General Electric

Making a compensation claim is a long, frustrating, and complex process to navigate on your own.

In order to remedy some of the stress that the process can create on already sick, injured, anxious, and vulnerable claimants, the Occupational and Environmental Health Coalition in Peterborough (O&EHC-P) has been dedicated to expanding their knowledge on the process and, in turn, have been using their experiences to help workers through the system.

The coalition consists solely of volunteers, and they tend to focus on the compensation claims process from a long-term disease standpoint, rather than an acute, specific injury standpoint.

The volunteers at the O&EHC-P have been especially busy in recent years because of the high number of people who have sought their help. Former employees of General Electric Peterborough, for instance, have used the resources at the O&EHC-P in filing for claims that address long-term latency exposures that have now caused severe illnesses and, in some cases, cancers.

When the GE-Peterborough plant first opened in the early 1900’s it had eight different manufacturing departments and employed thousands of people. There was a plastics department, a large motor department, a manufacturing department, an infrastructure department, even a nuclear equipment department within the plant.

People moved to Peterborough from all over the area to secure steady, full-time employment positions at the plant, and it soon became the biggest manufacturing plant in Canada. Peterborough’s economy boomed as a result.

Unfortunately, in the expansion and intensification of the manufacturing practices in the plant, health and safety precautions did not match the rapid extent at which GE-Peterborough was developing. For some workers, there was very little protective gear worn, for others there was very little information known about the chemicals they were working with.

For most all of the workers there was a blatant misunderstanding of the extent of the problems their exposures could create for their health in the future.

There were about 3000 different chemicals used in the plant (to different degrees), such as toluene, benzene, methane, propane, and butane. Long-term latency diseases, illnesses, and cancers, which could have been caused by their employment at the GE-Peterborough plant, have developed in many retired workers.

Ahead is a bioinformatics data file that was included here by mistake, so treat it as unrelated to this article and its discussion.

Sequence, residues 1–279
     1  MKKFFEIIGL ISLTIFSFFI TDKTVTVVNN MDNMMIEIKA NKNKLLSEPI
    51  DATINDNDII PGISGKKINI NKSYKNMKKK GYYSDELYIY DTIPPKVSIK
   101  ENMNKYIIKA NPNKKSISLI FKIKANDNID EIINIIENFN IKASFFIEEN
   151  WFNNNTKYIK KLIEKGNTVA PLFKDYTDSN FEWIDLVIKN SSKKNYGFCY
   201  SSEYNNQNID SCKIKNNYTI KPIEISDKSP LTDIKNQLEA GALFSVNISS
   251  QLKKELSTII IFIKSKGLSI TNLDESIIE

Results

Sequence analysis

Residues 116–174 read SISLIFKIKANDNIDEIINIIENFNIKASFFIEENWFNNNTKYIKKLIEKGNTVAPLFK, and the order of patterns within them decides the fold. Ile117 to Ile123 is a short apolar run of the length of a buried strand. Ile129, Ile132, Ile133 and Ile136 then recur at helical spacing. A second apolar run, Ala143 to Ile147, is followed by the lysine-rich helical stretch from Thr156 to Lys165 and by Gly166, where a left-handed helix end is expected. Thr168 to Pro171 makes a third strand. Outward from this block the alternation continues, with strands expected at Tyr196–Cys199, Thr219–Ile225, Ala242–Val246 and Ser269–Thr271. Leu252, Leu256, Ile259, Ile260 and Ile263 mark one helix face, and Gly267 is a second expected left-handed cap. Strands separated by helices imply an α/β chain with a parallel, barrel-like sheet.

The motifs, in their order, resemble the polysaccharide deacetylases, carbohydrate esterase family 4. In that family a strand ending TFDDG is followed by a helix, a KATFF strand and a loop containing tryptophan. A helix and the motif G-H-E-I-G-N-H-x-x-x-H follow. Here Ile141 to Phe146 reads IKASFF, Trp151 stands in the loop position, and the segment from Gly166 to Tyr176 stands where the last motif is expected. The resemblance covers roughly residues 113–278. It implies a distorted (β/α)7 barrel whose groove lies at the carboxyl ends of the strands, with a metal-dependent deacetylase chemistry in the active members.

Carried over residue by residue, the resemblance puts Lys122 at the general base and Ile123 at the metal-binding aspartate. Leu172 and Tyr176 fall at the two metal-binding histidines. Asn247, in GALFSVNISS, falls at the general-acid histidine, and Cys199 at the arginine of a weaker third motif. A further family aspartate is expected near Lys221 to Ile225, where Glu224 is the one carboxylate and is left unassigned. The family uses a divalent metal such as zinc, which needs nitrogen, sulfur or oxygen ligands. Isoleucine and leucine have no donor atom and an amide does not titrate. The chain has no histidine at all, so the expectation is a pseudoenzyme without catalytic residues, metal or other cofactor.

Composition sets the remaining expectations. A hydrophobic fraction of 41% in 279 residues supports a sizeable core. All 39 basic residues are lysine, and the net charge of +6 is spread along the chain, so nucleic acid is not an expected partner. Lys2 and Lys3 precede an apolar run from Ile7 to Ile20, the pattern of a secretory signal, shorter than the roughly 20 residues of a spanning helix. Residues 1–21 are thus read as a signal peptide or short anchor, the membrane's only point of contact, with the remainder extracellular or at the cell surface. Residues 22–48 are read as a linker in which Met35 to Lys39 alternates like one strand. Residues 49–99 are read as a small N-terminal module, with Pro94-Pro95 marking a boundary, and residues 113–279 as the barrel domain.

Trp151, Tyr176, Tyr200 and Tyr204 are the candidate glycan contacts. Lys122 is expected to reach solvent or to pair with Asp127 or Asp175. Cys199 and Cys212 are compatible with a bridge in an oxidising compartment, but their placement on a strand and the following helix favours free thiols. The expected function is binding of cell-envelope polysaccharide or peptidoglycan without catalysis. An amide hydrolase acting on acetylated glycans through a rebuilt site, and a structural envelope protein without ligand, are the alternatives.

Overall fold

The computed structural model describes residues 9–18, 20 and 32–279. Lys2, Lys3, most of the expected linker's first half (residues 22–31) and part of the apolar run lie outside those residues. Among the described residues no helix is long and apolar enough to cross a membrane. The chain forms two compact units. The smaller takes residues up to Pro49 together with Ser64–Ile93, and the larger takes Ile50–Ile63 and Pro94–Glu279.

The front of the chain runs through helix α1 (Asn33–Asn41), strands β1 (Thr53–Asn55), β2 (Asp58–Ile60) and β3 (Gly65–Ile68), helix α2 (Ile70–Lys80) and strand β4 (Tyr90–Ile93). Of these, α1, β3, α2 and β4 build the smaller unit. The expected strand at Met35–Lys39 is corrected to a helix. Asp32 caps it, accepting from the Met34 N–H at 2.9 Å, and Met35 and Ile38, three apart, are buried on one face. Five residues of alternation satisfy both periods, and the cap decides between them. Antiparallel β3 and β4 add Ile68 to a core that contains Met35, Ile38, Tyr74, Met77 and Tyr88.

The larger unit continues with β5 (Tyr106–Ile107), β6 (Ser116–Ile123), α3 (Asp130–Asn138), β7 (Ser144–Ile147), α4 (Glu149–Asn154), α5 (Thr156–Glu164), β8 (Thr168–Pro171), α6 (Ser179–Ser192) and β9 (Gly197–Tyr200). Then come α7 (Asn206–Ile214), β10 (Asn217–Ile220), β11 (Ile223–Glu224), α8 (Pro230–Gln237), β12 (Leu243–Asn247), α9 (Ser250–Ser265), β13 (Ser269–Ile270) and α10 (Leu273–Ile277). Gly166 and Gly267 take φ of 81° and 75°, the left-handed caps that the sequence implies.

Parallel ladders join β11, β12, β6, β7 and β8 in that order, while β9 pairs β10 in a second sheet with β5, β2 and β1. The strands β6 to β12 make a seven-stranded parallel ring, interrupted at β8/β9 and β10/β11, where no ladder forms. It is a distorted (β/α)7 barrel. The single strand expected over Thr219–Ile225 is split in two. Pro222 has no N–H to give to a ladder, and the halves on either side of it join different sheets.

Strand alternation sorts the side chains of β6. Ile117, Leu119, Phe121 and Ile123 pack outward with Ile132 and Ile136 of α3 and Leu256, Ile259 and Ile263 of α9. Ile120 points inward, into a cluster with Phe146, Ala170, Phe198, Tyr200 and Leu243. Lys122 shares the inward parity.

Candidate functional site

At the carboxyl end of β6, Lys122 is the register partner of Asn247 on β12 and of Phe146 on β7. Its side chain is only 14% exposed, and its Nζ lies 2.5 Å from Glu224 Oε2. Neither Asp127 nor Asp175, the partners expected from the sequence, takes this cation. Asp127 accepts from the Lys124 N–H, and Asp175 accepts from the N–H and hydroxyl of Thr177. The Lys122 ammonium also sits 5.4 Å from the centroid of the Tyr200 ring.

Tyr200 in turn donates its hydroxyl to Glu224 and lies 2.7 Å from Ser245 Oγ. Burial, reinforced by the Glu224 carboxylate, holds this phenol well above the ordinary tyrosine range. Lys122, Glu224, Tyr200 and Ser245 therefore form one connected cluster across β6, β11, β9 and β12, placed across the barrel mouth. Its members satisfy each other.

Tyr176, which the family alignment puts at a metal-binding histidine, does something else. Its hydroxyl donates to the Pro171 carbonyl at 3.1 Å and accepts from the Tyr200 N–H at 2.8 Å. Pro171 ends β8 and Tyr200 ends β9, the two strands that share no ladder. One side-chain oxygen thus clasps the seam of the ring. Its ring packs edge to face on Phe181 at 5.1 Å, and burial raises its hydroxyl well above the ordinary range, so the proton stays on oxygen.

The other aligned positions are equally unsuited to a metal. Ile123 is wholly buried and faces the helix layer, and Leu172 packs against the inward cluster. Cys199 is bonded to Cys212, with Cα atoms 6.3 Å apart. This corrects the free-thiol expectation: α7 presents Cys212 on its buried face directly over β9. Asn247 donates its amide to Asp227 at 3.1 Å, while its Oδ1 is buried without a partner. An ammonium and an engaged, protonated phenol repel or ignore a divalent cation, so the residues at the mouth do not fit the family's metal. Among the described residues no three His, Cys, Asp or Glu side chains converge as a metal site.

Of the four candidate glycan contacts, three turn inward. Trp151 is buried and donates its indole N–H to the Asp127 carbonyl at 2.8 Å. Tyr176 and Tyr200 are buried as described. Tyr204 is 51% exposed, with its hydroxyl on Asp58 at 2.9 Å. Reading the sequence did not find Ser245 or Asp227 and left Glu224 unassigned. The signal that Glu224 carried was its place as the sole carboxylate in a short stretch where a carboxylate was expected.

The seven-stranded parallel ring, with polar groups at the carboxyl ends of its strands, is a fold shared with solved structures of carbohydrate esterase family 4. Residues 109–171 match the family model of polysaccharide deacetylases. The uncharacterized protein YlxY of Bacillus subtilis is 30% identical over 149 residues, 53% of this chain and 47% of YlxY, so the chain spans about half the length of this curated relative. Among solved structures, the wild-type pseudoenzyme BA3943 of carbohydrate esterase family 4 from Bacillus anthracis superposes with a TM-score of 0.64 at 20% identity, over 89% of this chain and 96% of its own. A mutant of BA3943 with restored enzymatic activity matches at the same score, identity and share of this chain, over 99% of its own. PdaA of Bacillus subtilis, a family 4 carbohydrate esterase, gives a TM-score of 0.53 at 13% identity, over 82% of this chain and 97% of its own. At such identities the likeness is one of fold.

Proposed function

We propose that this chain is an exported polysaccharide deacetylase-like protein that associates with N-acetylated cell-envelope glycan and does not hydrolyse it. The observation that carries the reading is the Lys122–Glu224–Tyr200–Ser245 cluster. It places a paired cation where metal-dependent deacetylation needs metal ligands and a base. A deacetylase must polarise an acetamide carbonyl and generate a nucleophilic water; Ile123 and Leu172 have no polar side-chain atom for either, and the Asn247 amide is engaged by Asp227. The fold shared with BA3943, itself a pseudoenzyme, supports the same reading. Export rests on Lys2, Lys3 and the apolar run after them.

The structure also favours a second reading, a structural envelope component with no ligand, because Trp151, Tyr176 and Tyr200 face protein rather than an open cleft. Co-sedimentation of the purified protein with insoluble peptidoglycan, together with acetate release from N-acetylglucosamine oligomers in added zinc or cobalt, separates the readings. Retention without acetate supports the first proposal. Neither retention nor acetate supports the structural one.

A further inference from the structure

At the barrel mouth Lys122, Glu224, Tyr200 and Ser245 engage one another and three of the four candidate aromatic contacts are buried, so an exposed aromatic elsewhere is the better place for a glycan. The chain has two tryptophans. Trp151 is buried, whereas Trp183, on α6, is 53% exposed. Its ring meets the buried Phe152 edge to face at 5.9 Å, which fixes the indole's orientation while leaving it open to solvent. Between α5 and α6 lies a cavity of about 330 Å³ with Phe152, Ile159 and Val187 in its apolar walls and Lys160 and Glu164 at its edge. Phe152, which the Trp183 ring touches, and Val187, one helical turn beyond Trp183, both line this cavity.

Asbestos, for example, was used extensively in many departments of the plant. It has a latency period of 20-50 years, which means that people might only notice the affects on their lungs 20-50 years later. The number of people who will be seriously and negatively affected by its latency was expected to peak between 2010-2015 (asbestos.com).

That is one of the main reasons why, if people have not already passed away due to their illness, they have sought out the O&EHC-P and asked for help in filing for occupational long-term latency compensation in recent years. The O&EHC-P offers support and guidance for these workers in their time of stress and need.

The compensation claims process tends to recognize the legitimacy of specific work-related injuries, while the link between workplace exposure, long latency periods and long-term illness or disease is lost in the complexity of the compensation claims process. With little support from unions, WSIB (who files the claims and ultimately provides the compensation) and employers like GE- Peterborough, it leaves sick workers and the volunteers at the O&EHC-P experiencing a constant uphill battle in receiving fair compensation for their health.

O&EHC-P continues to advocate for a Fair Review compensation claims Process and continues to dedicate a lot of time to helping those suffering with long-term latency illnesses through the system as best they can. They deserve heavy recognition for their hard work in helping claimants through the complexity that is the compensation claims process.

The O&EHC-P is always looking to improve their knowledge base and help more people with the compensation claims process. They welcome the collaborative opportunities that the Trent Community Research Centre offers through community-based research projects, for which students can receive credits for their work with the organization. The O&EHC-P would be thrilled for more scientific research to be done for their records.

For example, research concerning long-latency periods of exposures and chemicals, the effect of mixed exposures on one’s overall health, and linking disease to ones former/current occupation are topics the organization would be keen on facilitating.

If the work of this local organization interests you, for either academic purposes or personal reasons, I encourage you to contact Kathy Harris at [email protected] to see how you can get involved.

For information regarding the many opportunities offered by the Trent Centre by way of Community Based Education Projects, including opportunities with the O&EHC-P, visit their website at www.trentcentre.ca or contact 705- 743-0523, or e-mail [email protected]